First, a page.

Man United ride their luck, but Rooney's role fades

Late winner seals victory for 'old-school' United as officials have a night to forget at Crystal Palace

Zlatan Ibrahimovic
Zlatan Ibrahimovic scores his team's stunning second goal during the Premier League match between Crystal Palace and Manchester United
(Image credit: Clive Rose/Getty Images)

Crystal Palace 1 Man United 2

Jose Mourinho has bemoaned Manchester United's luck of late, but his side enjoyed the rub of the green at Crystal Palace yesterday and even managed to secure all three points with a late winner from Zlatan Ibrahimovic. The striker's goal made it two wins out of two and extended an unbeaten league run to seven games.

United were lucky to finish with 11 men after Marcus Rojo's two-footed challenge in the first half – his second in as many games – went unpunished and they equally fortunate to take the lead when the officials failed to notice scorer Paul Pogba was offside and Ibrahimovic had handled the ball.

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But the game didn't entirely go United's way. A goal was incorrectly ruled out for offside in the second half and referee Craig Pawson missed a blatant handball by Joe Ledley in the box.

But in the end, it was an "old-school" outcome, says Jason Burt of the Daily Telegraph, with United scoring a winner in the dying moments of the match and Mourinho celebrating as he used to at Chelsea.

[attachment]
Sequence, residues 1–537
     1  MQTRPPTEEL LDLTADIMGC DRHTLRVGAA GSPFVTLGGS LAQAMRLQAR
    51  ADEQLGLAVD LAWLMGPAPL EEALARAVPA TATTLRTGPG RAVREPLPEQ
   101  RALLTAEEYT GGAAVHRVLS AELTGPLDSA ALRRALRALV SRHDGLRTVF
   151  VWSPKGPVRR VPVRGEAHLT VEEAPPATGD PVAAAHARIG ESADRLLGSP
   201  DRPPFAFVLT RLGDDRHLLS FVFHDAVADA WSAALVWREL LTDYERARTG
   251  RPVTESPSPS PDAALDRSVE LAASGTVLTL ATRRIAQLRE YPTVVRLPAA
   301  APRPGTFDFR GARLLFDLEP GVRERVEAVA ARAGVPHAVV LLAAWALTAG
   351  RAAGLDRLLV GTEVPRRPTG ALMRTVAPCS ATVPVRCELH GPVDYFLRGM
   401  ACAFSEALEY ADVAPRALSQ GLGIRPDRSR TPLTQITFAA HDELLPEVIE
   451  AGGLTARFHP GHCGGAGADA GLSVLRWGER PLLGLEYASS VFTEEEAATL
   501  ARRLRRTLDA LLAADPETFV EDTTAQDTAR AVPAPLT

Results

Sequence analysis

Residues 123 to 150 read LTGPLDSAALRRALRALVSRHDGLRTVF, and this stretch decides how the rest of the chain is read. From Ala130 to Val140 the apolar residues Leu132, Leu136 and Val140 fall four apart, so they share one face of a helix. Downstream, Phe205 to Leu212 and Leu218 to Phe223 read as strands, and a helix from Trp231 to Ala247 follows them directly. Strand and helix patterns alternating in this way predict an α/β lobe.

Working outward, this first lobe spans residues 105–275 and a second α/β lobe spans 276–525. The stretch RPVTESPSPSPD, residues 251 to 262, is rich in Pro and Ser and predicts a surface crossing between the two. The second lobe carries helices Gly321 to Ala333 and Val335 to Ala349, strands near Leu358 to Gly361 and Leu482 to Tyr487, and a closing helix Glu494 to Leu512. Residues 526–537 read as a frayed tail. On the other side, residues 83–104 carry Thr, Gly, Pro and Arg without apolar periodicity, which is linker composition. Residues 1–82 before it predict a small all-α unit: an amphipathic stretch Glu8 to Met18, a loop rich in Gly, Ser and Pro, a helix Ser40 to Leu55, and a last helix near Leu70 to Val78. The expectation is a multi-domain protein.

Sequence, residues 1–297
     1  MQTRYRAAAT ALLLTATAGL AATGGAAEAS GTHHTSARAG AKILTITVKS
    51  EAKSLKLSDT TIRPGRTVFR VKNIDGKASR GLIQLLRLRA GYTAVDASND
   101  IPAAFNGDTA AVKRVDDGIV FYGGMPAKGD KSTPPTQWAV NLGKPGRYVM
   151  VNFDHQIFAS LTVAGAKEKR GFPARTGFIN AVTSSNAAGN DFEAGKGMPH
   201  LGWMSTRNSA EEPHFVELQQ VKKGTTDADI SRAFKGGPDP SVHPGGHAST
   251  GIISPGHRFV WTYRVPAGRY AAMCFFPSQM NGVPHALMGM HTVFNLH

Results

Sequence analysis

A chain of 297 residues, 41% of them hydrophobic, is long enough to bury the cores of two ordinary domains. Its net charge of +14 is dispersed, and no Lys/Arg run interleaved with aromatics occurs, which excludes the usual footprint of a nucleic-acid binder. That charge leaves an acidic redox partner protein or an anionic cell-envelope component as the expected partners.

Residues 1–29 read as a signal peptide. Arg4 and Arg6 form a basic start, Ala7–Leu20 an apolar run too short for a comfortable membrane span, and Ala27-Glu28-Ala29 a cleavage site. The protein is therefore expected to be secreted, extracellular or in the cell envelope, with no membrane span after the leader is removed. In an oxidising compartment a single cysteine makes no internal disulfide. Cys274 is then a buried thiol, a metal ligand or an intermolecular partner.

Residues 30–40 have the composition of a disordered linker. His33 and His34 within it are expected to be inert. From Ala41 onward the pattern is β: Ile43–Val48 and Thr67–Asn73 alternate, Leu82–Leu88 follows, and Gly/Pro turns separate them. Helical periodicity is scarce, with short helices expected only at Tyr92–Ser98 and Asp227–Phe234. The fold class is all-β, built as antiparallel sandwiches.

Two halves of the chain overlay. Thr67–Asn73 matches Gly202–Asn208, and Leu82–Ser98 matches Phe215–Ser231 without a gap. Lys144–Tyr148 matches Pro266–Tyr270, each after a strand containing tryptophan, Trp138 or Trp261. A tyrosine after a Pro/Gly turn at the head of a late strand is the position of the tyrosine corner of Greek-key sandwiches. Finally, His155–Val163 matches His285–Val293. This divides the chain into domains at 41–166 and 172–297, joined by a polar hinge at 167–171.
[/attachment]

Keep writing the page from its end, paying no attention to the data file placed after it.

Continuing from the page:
"But, boy, how the match officials need to go back to school after this one," he says. "Controversy? It does not begin to sum up the contentious decisions, questionable calls and arguable moments. Even former referee Howard Webb conceded that Craig Pawson 'had one of those nights'. That was an understatement."

Most observers believe Rojo has the most to be thankful for after his second two-footed lunge in the space of a few days – this time on Wilfried Zaha – was missed by the officials, but he was later defended by Mourinho, who said he was an "emotional but very clean" player.

It was a night Mourinho would have enjoyed, says Sami Mokbel of the Daily Mail. "The Manchester United manager loves a scrap, and this war of attrition certainly fell into that category."

But it also showed that his methods are starting to yield results. His side had a "ruthless streak", says Dominic Fifield of The Guardian. "Mourinho had seen his team's dominance yield only draws too often of late, but here they did what this club used to do as a matter of course."

The winner, made by Pogba and finished by Ibrahimovic, was "created by the contest's most influential performer and scored by a forward who has always delighted in stamping his influence all over occasions such as this".

There was also praise for Wayne Rooney, who "justified his inclusion in the Manchester United line-up with a lively display", according to Jack Rathborn of the Daily Mirror. However, Adam Crafton of the Mail laments the fact that in a world dominated by Ibrahimovic and Pogba, the once-great Rooney has been "reduced to part of the support cast".

"He did a disciplined job, with an eye as much towards his own goal as that of this shaky Crystal Palace defence... But is this all that Wayne Rooney can be now? The willing dogsbody, the sacrifice for greater talents to shine."

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